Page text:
How to stop your dogs from mouthing and nipping
Young pups use their teeth to get a feel for the world around them. With that in mind, nipping and mouthing (the act of putting mouth and teeth over skin with no downforce) are part and parcel of early development.
But what do you do when your dog goes over the top? And what are the steps you can take to combat misplaced excitement?
Young pups need to play
The first thing to recognize is that mouthing and nipping are normal parts of a puppy’s development. Young pups will play together and use their teeth on one another. When one goes too far, the victim will usually let out a yelp and back off. This teaches the offender to rein in the level of aggression. When they re-enter the game, they both know that it doesn’t pay to go too far.
The same rules apply with people
When playing with a dog, it’s important to teach them that your skin is delicate. Let him put his mouth over your hands, but if he nips with a great degree of force, let out a high-pitched yelp and let your hand go limp. Your dog should immediately stop what he’s doing, which is when it’s time to give him praise. Start the game up again and repeat the yelp if the same thing happens again. Do this three times in a 10–15-minute window.
Is “yelping” alone not working?
Another trick is to yelp, then stand up and leave the room for 30 seconds. Once the time has elapsed, return and keep playing. The time-out reinforces the message that hard nipping is not acceptable.
The goal from here is to keep using this trick for smaller and smaller bites, so that your dog learns to apply less and less force.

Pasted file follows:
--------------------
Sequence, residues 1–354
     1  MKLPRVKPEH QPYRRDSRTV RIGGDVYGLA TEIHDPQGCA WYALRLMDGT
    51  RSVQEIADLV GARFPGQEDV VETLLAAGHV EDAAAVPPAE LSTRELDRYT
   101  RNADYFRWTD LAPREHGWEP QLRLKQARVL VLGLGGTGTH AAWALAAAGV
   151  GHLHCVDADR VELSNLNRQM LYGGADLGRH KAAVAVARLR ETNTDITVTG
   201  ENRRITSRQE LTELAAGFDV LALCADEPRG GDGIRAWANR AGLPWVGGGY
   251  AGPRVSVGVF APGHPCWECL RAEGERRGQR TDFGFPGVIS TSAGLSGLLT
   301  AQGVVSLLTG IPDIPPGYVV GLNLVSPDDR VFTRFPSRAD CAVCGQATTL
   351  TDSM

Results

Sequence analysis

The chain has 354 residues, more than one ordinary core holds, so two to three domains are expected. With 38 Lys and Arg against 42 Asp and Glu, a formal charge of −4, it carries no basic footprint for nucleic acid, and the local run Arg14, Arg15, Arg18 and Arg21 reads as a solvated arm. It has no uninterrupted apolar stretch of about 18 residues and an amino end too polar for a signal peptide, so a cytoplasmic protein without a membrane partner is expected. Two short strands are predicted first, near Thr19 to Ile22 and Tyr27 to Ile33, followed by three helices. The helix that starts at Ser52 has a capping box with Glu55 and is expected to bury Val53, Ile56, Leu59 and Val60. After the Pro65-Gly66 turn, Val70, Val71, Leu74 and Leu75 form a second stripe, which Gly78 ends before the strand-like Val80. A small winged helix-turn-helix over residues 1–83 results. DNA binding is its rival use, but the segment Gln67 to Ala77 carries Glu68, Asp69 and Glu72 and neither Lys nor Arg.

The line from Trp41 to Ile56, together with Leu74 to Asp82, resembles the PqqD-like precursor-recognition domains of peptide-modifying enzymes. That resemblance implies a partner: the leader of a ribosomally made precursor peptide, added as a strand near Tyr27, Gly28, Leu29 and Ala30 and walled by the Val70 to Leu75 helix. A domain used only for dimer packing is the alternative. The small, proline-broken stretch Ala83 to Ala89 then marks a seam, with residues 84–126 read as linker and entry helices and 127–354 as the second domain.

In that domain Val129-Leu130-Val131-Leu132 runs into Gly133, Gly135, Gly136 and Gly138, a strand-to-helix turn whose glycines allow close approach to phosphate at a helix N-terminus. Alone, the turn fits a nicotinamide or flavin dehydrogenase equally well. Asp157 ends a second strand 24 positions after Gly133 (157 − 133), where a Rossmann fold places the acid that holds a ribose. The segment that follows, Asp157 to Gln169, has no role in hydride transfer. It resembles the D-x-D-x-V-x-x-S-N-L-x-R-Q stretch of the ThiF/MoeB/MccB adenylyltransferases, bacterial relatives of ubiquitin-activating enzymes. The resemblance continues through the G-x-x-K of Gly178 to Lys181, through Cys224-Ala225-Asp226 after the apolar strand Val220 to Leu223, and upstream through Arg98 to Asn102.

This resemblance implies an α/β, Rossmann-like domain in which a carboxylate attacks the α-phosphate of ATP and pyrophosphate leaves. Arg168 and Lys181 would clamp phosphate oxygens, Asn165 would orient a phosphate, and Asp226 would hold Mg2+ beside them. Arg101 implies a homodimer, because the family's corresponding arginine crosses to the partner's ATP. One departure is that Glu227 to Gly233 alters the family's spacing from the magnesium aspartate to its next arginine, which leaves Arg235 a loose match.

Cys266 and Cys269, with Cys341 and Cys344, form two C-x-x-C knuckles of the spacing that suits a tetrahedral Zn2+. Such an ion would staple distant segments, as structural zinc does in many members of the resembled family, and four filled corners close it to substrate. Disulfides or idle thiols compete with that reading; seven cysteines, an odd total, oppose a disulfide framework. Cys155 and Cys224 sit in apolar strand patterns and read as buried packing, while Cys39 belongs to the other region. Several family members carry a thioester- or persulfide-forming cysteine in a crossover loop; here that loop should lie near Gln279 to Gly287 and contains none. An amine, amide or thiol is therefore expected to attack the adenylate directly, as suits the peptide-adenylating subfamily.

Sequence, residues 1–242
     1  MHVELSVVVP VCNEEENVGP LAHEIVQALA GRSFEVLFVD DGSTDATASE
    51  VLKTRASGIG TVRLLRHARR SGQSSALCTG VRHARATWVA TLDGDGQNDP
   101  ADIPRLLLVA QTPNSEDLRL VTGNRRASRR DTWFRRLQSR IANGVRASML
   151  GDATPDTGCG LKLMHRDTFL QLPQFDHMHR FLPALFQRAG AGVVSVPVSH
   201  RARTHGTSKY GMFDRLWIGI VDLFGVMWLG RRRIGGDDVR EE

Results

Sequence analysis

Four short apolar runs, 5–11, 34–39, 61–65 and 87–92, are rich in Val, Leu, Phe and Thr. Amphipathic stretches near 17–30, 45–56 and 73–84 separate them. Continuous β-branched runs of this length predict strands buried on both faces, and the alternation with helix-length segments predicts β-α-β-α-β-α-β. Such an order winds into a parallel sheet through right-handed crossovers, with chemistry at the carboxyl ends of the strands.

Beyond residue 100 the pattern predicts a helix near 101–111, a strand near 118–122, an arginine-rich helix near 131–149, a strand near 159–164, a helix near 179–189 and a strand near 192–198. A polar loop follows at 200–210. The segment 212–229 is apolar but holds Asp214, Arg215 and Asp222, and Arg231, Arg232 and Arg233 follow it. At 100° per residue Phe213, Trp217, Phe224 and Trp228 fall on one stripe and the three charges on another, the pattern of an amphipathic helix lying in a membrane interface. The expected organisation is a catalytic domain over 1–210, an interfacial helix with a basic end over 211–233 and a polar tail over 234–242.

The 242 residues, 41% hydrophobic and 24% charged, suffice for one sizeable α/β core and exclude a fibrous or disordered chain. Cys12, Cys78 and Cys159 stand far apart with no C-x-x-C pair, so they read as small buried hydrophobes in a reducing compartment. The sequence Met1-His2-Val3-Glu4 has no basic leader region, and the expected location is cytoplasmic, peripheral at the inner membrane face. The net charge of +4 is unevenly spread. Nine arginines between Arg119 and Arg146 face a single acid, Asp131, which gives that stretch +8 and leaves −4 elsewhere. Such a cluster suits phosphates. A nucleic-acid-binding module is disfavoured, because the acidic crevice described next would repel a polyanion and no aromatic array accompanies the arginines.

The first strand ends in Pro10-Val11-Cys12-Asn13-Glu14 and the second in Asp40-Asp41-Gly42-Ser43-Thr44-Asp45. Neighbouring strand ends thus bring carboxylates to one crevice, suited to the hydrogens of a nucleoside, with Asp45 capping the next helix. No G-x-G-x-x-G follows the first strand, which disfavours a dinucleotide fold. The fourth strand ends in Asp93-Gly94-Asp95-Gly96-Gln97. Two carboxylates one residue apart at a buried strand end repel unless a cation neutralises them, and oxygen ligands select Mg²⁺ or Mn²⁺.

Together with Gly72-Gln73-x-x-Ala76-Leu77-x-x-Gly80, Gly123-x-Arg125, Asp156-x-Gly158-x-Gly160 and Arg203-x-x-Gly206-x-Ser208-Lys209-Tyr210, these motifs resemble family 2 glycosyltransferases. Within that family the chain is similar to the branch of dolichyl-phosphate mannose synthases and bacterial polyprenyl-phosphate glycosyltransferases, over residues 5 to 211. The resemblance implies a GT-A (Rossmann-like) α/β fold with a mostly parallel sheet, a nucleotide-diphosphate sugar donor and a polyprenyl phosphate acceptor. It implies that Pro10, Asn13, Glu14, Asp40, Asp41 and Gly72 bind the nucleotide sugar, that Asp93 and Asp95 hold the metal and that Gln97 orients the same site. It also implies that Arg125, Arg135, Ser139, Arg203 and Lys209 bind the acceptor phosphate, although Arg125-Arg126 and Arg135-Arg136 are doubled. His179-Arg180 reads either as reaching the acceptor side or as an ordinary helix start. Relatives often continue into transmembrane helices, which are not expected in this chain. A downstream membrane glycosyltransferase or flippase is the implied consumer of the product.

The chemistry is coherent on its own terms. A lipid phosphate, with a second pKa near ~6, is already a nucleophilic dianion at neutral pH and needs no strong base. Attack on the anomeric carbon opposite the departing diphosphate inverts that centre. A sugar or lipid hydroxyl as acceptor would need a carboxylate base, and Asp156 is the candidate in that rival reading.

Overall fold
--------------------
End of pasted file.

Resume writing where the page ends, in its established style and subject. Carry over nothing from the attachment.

As a word of warning, never initiate a game by waving your fingers in your dog’s face or hitting or slapping him. This could ramp up the stakes of the game.
Eventually, you want the biting to stop altogether
By following the steps above, your dog will learn to apply less and less force to your skin. From here, you want the nipping to stop altogether.
- Introduce a chewable toy to dissuade him from nipping your hands.
- Reward good behavior with praise and edible treats.
- Look for different games, like tug-of-war, to curb his excitement. If he tries to nip you, direct him back to the game at hand – the idea is to break the association that it’s okay to play on your hands at all.
- Try and make sure your pup will have other dogs to play with. Dogs learn a lot from both their peers and their elders.
At all times, refrain from getting aggressive with your pup. This can cause him to get more excited, and it can lead to behavioral problems down the line. If all the steps above are not working, however, consider consulting a professional trainer. Mouthing and nipping can be challenging issues to solve, and there’s always a helping hand out there to take care of the problem for you.